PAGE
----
Friday, January 29, 2016

Turn Tables: “Intruders” tautly devised with a subversive streak


Intruders (2016)
90 min., rated R.

First titled “Shut In” (the name of a Naomi Watts thriller opening in July) and then named “Intruders” (not to be confused with the 2012 Clive Owen thriller), “Intruders” is as familiar as its moniker but only in its logline. As a home-invasion suspenser, the film still doesn’t much care about reinventing the wheel completely, but it is a nasty piece of work, that you can be sure of. Once debuting director Adam Schindler and writers T.J. Cimfel and David White (who wrote the “Vicious Circles” segment in 2014’s “V/H/S Viral”) do show their hand, the film averts expectations by bucking the rote path with the use of misdirection. Without cheating or telegraphing its pivotal narrative turn too much before it makes the switch, “Intruders” is unabated with a savage, subversive streak.

Anna (Beth Riesgraf) is an agoraphobic who hasn’t left her Louisiana family home in a decade. She lives to take care of her brother, Conrad (Timothy T. McKinney), who’s dying of pancreatic cancer. When her crippling condition prevents Anna from getting out the door the same day as Conrad’s funeral, she is soon startled by three men coming into her house. Before this intruder situation, Anna tried to give a portion of her family’s jackpot fortune as a way to start anew to Dan (Rory Culkin), the friendly deliveryman who always brought her brother’s daily meals, but he couldn’t accept it. The men, brothers J.P. (Jack Kesy) and Vance (Joshua Mikel) and loose cannon Perry (Martin Starr), didn’t expect Anna to be home but a whistling tea kettle gives away her presence, not that she could leave anyway. It’s obvious the intruders are looking to steal the young woman’s hidden fortune, and it’s not long before Dan shows up, but aside from her agoraphobia being one weakness, Anna isn’t as fragile as she looks.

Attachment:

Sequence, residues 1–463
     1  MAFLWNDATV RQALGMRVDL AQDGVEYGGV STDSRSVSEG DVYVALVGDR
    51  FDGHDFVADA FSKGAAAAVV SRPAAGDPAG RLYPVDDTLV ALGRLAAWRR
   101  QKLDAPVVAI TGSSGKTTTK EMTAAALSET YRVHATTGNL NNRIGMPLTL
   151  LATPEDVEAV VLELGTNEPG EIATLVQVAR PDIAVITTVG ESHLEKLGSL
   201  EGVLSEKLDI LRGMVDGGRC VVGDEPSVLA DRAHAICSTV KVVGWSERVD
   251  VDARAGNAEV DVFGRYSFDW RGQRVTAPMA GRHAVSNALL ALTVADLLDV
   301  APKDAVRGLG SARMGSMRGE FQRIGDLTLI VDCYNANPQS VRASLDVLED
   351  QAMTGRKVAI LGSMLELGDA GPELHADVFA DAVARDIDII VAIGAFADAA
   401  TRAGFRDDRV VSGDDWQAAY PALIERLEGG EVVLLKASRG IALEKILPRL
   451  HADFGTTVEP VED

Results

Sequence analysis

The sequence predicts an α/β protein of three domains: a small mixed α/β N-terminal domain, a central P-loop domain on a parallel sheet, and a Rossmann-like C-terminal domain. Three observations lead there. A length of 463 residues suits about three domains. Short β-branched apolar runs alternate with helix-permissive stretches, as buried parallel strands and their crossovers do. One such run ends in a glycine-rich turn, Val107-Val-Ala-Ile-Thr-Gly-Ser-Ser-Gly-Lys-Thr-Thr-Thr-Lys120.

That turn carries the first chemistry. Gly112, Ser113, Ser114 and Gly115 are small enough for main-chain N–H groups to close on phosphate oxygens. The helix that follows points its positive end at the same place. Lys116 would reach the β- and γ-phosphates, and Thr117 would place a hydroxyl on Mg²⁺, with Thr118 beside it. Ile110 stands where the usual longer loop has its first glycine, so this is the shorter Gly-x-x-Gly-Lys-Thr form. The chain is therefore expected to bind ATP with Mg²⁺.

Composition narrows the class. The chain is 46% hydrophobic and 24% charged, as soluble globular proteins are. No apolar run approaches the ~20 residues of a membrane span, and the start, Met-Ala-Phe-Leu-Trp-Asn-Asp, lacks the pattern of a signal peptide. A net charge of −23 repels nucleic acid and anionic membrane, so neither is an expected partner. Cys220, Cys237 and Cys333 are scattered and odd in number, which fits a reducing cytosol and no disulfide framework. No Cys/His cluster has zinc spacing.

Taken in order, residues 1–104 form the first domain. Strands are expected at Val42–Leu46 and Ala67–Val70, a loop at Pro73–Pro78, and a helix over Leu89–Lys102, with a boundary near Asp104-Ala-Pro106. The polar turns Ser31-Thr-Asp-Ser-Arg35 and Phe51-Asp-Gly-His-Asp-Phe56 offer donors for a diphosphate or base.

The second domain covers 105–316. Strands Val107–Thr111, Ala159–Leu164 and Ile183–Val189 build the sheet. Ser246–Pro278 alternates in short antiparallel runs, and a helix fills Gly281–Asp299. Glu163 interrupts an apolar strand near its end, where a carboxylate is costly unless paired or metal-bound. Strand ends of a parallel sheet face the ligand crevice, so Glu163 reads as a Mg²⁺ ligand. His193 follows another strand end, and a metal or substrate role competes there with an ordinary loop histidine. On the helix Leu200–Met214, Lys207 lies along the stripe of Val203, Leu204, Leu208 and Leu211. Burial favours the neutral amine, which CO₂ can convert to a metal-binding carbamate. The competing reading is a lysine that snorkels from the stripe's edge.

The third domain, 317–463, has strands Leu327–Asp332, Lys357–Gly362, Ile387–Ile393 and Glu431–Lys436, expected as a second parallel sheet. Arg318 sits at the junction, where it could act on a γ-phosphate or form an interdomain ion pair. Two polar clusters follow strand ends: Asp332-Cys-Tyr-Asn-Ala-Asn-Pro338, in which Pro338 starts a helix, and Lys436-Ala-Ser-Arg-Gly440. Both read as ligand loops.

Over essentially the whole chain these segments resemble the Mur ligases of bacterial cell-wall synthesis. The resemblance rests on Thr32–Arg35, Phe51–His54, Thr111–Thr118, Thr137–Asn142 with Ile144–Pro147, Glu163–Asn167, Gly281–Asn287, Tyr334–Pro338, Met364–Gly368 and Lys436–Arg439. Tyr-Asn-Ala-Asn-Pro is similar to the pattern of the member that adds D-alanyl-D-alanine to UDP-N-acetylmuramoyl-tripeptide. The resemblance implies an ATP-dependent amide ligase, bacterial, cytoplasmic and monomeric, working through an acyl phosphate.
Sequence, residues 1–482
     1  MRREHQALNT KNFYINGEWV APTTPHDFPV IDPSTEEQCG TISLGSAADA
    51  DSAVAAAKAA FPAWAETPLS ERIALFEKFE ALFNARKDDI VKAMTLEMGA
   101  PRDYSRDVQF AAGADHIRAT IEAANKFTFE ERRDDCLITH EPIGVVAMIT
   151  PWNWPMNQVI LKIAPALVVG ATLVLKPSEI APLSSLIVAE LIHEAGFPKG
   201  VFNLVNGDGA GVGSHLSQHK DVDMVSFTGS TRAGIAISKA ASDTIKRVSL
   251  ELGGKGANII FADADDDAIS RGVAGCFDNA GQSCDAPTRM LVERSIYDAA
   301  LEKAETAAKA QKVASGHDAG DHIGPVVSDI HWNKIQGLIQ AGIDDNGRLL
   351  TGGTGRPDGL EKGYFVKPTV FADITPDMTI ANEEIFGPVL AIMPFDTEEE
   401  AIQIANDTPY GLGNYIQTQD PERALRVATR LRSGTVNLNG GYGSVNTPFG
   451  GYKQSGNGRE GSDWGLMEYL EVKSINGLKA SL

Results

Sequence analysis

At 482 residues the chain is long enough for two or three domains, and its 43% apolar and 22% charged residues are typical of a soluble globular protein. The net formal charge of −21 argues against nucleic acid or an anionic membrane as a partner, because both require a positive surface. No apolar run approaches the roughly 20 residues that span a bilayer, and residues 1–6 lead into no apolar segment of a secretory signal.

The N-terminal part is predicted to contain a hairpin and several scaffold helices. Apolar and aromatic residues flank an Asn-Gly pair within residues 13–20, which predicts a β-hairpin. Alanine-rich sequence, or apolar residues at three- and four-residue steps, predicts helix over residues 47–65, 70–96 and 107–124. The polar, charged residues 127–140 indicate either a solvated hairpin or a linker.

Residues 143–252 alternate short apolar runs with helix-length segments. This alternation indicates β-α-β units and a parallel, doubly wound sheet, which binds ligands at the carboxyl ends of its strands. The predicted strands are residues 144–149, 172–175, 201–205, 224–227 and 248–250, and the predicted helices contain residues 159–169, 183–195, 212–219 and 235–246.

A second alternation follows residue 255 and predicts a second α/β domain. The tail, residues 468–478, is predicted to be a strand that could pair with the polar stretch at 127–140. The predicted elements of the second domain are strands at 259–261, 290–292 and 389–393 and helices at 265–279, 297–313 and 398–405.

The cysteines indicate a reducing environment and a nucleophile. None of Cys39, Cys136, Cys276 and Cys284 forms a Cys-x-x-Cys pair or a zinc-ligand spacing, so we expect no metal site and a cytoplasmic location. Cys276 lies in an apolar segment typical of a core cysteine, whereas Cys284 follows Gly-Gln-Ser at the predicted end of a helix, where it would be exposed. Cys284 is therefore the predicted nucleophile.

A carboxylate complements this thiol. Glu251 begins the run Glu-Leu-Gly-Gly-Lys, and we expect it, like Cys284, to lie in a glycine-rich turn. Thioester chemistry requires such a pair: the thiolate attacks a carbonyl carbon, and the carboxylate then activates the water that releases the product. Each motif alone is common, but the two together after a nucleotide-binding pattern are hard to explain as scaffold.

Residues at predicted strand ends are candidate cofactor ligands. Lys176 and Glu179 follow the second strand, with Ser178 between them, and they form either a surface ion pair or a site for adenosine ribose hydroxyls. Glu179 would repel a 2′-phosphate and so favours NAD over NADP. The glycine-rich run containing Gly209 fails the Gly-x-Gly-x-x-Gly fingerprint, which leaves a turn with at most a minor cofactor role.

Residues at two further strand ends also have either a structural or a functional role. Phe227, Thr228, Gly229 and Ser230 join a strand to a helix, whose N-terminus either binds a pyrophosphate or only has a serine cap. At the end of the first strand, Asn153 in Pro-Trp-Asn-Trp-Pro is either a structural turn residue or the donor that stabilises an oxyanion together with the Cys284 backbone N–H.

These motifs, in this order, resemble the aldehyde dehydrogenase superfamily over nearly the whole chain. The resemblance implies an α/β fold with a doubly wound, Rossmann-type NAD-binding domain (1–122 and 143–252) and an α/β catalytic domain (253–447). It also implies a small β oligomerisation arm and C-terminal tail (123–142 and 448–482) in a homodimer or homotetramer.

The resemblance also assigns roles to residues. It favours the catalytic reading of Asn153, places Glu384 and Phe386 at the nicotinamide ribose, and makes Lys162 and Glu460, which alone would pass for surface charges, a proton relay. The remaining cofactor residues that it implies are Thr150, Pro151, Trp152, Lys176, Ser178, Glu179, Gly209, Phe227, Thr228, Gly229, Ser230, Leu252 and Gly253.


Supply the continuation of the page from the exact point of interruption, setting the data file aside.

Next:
Whether or not it be the corner-cutting result of budget constraints, “Intruders” is a savvy example of small-scale storytelling. With a plausible reason for Anna to not leave the house, the film gets away with staying in one location and milks it for tension and claustrophobia, making everyone a shut-in. The labyrinthine structure of Anna’s house itself also plays a big part, more than one staircase leading to other areas of the house and secret passages opening. When push comes to shove, Anna does use her resources (not to mention her seemingly meek disposition) to her advantage. Read the rest of the review here at Diabolique Magazine.

Grade: B - 

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